NASA on Tuesday successfully launched its football-stadium-sized, super pressure balloon from New Zealand, that will help detect cosmic rays from beyond our galaxy as they penetrate the Earth's atmosphere.
The mission will run for 100 or more days floating at 33.5 km in the southern hemisphere's mid-latitude band.
'Following our 2015 and 2016 New Zealand missions, we've learned key lessons on the balloon design that have gone into perfecting the technology for this year's flight,' said Debbie Fairbrother, NASA's Balloon Programme Office chief.
'I'm very proud of the team that delivered us to this point and I'm hopeful that third time's the charm for realising 100 days of flight,' said Fairbrother.
While validating the super pressure balloon technology is the main flight objective, the International Extreme Universe Space Observatory on a Super Pressure Balloon (EUSO-SPB) payload is flying as a mission of opportunity.
EUSO-SPB's objective is to detect ultra-high energy cosmic rays from beyond our galaxy as they penetrate the Earth's atmosphere.
As these high-energy particles enter the atmosphere, they interact with nitrogen molecules in the air and create a UV fluorescence light.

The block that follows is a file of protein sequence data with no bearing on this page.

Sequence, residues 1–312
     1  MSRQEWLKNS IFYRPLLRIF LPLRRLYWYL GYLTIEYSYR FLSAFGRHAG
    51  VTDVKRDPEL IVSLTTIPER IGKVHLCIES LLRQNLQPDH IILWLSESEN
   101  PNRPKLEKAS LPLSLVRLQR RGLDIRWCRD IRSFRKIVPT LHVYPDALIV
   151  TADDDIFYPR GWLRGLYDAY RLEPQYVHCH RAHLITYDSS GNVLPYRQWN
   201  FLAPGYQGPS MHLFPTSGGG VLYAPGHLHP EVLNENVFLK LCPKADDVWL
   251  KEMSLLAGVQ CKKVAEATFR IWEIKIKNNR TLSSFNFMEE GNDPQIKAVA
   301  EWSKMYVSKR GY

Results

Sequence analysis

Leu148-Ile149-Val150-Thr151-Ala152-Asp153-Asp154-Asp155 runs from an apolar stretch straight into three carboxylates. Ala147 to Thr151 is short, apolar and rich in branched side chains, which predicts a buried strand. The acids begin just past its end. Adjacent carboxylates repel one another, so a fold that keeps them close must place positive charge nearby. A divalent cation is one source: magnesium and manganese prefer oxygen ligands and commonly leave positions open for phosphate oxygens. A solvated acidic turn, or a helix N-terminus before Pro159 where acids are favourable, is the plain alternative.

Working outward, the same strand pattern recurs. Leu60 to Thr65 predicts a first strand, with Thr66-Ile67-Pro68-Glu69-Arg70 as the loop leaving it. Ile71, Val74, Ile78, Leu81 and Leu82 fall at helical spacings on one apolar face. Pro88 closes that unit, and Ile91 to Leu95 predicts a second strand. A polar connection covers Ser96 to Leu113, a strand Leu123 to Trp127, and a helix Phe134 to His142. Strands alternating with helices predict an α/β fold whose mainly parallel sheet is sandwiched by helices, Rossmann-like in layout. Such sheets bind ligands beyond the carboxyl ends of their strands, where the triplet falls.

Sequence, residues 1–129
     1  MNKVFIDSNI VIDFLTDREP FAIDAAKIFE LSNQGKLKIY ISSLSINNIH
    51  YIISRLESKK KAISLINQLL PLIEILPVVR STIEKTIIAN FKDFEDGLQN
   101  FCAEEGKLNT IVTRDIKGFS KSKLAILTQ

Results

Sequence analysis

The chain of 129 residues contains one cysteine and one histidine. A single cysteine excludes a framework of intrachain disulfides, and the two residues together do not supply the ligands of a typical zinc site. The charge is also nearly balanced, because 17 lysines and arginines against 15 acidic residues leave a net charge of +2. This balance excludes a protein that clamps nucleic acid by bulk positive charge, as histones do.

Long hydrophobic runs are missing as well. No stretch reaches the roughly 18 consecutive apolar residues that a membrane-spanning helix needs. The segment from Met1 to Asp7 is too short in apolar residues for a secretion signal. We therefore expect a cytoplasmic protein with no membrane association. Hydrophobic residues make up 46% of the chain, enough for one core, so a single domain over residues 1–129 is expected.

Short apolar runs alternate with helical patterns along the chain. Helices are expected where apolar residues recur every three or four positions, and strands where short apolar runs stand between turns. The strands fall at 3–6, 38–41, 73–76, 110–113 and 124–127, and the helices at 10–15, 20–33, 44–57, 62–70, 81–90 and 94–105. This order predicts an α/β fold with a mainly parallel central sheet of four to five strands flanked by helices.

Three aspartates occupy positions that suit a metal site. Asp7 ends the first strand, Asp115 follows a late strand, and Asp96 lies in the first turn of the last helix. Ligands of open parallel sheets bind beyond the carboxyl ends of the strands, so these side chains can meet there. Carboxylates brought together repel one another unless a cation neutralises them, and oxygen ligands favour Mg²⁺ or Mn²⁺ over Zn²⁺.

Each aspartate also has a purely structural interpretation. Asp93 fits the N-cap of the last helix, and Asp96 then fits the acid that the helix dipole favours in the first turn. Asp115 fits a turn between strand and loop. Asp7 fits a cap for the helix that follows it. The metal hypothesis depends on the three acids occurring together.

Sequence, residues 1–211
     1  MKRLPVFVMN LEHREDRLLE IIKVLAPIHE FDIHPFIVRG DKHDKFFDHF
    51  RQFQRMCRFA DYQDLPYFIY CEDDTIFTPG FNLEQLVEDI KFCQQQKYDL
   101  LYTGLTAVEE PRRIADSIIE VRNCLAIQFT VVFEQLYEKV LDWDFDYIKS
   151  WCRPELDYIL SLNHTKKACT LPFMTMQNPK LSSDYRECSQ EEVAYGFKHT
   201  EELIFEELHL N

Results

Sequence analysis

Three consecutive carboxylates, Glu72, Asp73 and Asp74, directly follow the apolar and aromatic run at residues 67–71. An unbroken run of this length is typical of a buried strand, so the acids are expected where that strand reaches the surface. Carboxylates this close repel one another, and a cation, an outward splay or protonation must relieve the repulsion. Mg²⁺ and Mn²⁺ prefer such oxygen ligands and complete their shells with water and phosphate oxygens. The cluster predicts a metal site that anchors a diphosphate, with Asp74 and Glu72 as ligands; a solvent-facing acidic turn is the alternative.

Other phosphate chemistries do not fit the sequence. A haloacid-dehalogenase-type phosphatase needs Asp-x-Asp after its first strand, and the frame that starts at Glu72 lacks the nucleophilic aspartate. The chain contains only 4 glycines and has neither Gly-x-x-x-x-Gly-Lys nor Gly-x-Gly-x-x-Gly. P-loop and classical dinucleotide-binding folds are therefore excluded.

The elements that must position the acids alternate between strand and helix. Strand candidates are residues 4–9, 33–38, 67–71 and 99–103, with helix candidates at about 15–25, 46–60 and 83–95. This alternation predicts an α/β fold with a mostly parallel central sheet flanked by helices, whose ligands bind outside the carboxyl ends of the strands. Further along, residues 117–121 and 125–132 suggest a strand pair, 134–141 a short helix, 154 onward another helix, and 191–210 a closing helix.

EUSO-SPB will observe a broad swathe of the Earth's atmosphere to detect the UV fluorescence from these deep space cosmic rays coming in from above.
'EUSO-SPB is now searching for the most energetic cosmic particles ever observed,' said Angela V Olinto, professor at the University of Chicago.
'The origin of these particles is a great mystery that our pioneering mission will help to solve. Do they come from massive black holes at the centre of galaxies? Tiny, fast- spinning pulsars? Or somewhere else?' Olinto asked.
'The international science team is very excited to see our cosmic ray fluorescence detector lifted to suborbital space by this remarkable balloon and departing on this global journey,' said Lawrence Wiencke, professor at the Colorado School of Mines in the US.
'This balloon will give us a great view, and we are hoping for a record flight,' Wiencke said.
At a relatively low cost, NASA's heavy-lift balloons have been critical launch vehicles for testing and validating new technologies and science instruments to assure mission success for costlier, higher-risk follow-on spaceflight missions, said Fairbrother.
Once the technology is validated, the ultimate goal of the EUSO project is to fly from an even higher altitude on the International Space Station to observe a greater atmospheric area for detecting high-energy cosmic rays.
The 18.8-million-cubic-foot (532,000-cubic-meter) Super Pressure Balloon lifted off from NASA's new launch pad adjacent to Wanaka Airport carrying a suspended payload of 2,495 kilogrammes.